Scene from Techno Tihuacan, by filmmaker Rob Fatal. He and DJ Bianca Oblivion will perform live at the screening of the film Oct. 19 at Deluge Contemporary Art during the Antimatter media art festival. Film still contributed

Antimatter 2019: The best in experimental media art comes to Victoria

22nd annual festival of film, performance art and more biggest ever – 120 artists, 30 countries

For 21 years, the organizers of the Antimatter festival in Victoria have showcased an international cross-section of experimental films, video, audio, media hybrid installations and emerging time-based art forms.

This year’s 22nd annual media art festival, running Oct. 16-26 and produced and programmed locally by Todd Eacrett and Deborah de Boer, is bigger than ever with the works of 120 artists from 30-plus countries to be exhibited, screened at eight venues downtown and elsewhere. Of note is that 60 per cent of the artists are women.

If short films are your thing, there’s plenty of opportunity to enjoy new works during the festival, with 19 curated screening programs on tap at Deluge Contemporary Art (Antimatter headquarters, 636 Yates St.). The opening six-film program is Algo-Rhythm on Oct. 16 at 7 p.m., named for the highly innovative 14-minute film of the same name by Senegalese filmmaker Manu Luksch. This project makes its North American premiere at Antimatter.

Still from the film Algo-Rhythm by Senegalese filmmaker Manu Luksch. The film will be part of the opening evening’s screenings at Deluge Contemporary Art kicking off the Antimatter media art festival in Victoria. Film still contributed

In fact, two-thirds of the films showing in 2019 are having their North American or Canadian premiere, while all are screening for the first tine in Victoria.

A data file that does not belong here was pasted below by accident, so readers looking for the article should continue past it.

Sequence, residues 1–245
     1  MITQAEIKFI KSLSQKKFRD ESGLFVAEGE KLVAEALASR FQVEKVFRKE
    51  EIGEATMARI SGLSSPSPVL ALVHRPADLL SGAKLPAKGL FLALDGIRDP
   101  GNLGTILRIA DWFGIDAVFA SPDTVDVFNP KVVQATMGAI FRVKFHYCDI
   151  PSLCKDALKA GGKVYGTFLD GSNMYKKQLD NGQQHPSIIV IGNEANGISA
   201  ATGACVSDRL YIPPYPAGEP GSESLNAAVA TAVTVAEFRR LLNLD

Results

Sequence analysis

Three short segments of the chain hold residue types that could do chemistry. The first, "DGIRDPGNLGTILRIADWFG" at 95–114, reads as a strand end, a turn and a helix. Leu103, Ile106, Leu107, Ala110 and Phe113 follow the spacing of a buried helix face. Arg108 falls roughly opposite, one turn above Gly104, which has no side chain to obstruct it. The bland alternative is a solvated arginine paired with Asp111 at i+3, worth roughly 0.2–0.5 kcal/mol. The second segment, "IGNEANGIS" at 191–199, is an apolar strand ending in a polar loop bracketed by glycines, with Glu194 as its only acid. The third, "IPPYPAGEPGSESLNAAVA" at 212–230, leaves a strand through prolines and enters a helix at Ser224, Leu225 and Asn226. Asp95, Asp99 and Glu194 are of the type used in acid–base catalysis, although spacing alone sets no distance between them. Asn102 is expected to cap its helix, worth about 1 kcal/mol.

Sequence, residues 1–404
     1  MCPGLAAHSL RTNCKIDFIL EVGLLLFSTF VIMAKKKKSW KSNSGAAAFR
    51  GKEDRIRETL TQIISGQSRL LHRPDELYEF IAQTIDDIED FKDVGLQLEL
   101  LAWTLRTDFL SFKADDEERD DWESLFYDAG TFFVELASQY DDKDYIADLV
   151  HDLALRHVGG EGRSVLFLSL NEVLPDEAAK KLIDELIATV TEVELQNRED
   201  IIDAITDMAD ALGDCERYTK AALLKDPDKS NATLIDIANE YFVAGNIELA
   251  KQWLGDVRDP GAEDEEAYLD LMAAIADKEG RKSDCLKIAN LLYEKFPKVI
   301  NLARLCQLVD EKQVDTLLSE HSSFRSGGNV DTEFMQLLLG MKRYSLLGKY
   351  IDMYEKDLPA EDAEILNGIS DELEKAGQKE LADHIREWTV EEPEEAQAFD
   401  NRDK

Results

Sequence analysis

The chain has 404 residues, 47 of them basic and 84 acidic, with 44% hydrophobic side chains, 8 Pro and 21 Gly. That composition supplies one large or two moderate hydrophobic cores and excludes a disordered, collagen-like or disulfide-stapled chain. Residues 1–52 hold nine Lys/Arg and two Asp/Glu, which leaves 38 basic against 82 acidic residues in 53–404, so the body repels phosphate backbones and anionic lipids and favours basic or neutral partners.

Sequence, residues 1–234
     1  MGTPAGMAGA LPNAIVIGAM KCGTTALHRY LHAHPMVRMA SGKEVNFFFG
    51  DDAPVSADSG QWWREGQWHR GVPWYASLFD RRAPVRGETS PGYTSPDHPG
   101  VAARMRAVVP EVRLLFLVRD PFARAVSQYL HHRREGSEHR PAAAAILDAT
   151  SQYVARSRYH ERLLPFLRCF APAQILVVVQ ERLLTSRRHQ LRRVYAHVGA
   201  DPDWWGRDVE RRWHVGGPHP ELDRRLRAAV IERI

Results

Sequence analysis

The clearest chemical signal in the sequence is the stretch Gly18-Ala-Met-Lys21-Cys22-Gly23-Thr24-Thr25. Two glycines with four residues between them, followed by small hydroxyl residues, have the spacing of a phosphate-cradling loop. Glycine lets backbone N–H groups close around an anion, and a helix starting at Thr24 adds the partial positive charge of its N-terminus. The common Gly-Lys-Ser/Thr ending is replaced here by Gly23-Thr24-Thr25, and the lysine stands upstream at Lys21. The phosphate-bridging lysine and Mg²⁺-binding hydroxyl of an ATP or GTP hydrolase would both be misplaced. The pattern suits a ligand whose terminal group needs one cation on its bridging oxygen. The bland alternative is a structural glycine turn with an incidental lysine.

Audiences are in for a treat with the “expanded cinema” performance Oct. 19 (9 p.m., Deluge) of California artists/performers Rob Fatal and DJ Bianca Oblivion. Not only have they remixed audio and video into a feature-length experimental film, TechnoTihuacan, they will perform their work live.

The festival also includes media installations at such venues as the Central Branch and James Bay sxʷeŋxʷəŋ təŋəxʷ branch of the Greater Victoria Public Library, Victoria Arts Council and Legacy Art Gallery and the VAC’s satellite gallery at the Victoria International Airport.

Installations/exhibitions are free, while screenings and performances are pay-what-you-can (suggested donation $5–$8). Participating artists from around the world attend Antimatter and audiences are invited to engage and dialogue with them and festival producers at afternoon Media Salons as well as pre- and post-screening artist talks and Q&As.

Find the complete festival program guide online at antimatter.ca in print at Deluge Contemporary Art.



editor@mondaymag.com

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Scene from the film Fallout Dogs, screening Oct. 22 at Deluge Contemporary Art during the 2019 Antimatter festival.

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